The Mercer County Great Western Bikeway – a bicycle route along County Route 546 – is one step closer to being a reality – or at least 10 miles of it. On March 9, Mercer County held an online informational meeting to outline the history of the project, explain the current engineering plan, share future steps, and hear public comment.

The Great Western Bikeway will be a bicycle route along County Route 546 — variously known as Washington Crossing-Pennington Road, Pennington-Lawrenceville Road and Franklin Corner Road — and several of its approaches and seeks to maximize connectivity to the existing trail and bike network in the County. This transportation project aims to make it easier for people to navigate the western part of Mercer County on two wheels, according to the County. 

Future segment routes include a branch to Ewing Township via Scotch Road (CR 611), which will terminate at the Ewing Town Center, as well as a branch to downtown Pennington Borough via Main Street (CR 640) and East Delaware Avenue (CR 624). 

Funding for this project came about In 2019, when Mercer County received a $2,365,900 federal Regional Transportation Alternatives Program grant through the New Jersey Department of Transportation (NJDOT) for design and construction of the project. 

This bikeway complements several other municipal and County bike/trail efforts underway and will serve as a spine for the northwestern part of the County. The Great Western Bikeway will ultimately establish 17.5 miles of bikeable shoulders, bike lanes, buffered bike lanes, two-way cycle tracks, and multi-use paths on Mercer County highways that are already relatively well-suited for bicycle travel. 

While the overall scope of the Great Western Bikeway (GWB) is slated to be more extensive, the County is currently advancing only Segment 1, which runs on Route 546 from Hopewell Township to Lawrence Township. This 10-mile-long east-west route will further expand the County’s promotion of complete streets and bike travel. It also will provide a direct link between two branches of the D&R Canal State Park Trail at: 1) Washington Crossing State Park to the west; and 2) Bakers Basin Road to the east and it will connect to additional regional trails, preserved open spaces, parks, and other destinations. Click here to see the map.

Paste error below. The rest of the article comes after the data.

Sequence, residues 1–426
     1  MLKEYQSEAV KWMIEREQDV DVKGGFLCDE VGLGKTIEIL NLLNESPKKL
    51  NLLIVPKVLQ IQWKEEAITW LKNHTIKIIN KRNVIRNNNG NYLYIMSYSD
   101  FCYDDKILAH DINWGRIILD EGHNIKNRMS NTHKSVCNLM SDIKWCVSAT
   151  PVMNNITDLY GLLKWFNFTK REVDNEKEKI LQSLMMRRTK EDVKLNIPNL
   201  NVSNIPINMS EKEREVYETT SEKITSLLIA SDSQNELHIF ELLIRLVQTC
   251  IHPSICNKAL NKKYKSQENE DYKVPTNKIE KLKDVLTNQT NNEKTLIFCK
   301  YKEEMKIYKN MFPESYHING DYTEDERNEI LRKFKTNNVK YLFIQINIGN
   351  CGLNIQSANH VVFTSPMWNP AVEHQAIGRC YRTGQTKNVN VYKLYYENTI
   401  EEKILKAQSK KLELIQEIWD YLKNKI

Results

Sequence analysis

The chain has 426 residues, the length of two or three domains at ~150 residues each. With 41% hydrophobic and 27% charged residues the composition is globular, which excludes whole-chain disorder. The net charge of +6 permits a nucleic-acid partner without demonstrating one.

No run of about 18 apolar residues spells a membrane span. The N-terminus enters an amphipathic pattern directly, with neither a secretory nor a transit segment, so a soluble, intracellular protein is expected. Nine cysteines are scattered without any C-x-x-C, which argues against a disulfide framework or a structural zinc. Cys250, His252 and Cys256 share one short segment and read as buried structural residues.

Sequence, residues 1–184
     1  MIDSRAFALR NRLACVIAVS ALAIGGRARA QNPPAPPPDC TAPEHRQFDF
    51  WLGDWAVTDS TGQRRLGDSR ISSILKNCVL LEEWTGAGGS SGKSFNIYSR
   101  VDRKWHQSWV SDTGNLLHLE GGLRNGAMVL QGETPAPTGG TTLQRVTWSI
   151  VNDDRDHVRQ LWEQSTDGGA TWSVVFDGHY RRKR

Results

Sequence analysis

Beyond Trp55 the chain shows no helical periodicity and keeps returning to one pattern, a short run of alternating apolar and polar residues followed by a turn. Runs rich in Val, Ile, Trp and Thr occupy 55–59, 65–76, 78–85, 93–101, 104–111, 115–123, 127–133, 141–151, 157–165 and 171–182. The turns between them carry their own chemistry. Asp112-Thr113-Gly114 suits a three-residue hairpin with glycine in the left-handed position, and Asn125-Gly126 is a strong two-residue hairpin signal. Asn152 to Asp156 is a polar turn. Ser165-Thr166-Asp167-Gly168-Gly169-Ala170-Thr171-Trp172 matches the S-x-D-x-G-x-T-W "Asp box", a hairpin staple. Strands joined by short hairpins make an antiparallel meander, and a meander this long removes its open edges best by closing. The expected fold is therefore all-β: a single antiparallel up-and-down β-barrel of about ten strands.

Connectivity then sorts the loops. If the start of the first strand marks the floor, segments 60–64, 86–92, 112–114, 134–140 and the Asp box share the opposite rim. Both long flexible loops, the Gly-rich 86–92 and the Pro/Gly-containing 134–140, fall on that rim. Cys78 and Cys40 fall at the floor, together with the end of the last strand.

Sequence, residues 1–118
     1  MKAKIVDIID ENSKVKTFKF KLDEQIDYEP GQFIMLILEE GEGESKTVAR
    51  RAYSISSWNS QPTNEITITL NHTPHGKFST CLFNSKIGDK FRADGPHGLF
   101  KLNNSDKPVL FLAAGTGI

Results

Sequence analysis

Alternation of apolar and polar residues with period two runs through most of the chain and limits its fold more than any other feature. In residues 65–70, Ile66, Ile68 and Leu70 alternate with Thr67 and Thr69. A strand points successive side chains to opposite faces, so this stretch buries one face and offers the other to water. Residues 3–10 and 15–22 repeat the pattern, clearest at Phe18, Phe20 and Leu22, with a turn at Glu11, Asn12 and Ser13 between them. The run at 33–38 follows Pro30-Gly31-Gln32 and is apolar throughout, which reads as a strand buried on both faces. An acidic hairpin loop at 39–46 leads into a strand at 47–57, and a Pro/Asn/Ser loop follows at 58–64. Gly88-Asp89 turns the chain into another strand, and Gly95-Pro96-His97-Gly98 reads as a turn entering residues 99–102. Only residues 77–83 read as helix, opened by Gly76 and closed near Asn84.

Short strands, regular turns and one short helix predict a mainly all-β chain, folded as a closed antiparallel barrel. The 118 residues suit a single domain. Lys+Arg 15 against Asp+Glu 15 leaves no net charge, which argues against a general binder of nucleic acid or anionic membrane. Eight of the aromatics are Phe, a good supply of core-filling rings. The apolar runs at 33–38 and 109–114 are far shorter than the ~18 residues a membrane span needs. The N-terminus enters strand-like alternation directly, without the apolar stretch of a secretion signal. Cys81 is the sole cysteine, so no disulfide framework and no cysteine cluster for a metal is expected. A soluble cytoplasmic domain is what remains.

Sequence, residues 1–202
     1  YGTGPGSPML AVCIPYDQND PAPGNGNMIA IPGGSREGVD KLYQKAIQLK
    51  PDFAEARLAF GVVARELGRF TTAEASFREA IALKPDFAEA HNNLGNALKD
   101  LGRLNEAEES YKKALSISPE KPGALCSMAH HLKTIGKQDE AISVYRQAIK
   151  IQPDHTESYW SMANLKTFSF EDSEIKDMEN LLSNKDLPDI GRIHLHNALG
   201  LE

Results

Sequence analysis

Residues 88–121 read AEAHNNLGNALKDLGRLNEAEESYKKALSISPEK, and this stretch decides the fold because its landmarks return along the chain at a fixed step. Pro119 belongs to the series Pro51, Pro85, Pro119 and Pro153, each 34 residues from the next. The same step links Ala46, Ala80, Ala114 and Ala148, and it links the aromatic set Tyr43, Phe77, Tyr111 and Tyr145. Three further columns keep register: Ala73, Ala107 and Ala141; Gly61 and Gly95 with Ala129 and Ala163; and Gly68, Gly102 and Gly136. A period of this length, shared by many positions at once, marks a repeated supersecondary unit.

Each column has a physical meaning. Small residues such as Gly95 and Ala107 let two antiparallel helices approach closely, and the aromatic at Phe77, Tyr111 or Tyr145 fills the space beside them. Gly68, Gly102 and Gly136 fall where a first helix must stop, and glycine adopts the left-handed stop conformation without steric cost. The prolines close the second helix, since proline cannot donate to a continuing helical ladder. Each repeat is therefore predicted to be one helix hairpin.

During the public comment session, several questions were posed regarding the safe crossing of Route 31 at the Ingleside Rd. juncture. County representatives explained that the alternative would be putting cyclists onto the Pennington Circle, an area known for traffic issues.

“We talked extensively about alternatives here and I’m not seeing one,” said Matthew Lawson, Mercer County transportation planner. “We’re sensitive, but speeding is a matter of enforcement – we would have a lot of difficulty widening Ingleside to put in a bike path or bike lanes… We’re trying to stay within the [legally prescribed] safety guidance of the complete streets design…” He clarified later in the meeting that bikes have the legal right to be on the road and “if we can change the psychology of the road for the drivers, we can change the speeds at which people drive.” 

The team also explained that at intersections at state highways, bicyclists will be asked to dismount and cross as pedestrians.

Another individual inquired why the Bikeway will not go the whole way west to the D&R Feeder Canal, ending at the entrance to Washington Crossing State Park instead. The explanation was that there is an historic stone wall and ferry house at that location and a bike lane would have required widening that intersection. Additionally, it too busy of an intersection for the termination of the Bikeway at Route 29. Access to the canal can be found through Washington Crossing State Park, said Lawson.

There will be additional public outreach to the municipalities throughout the process and prior to final design. The final design is expected to be presented and approved by next year and construction should begin in 2023.

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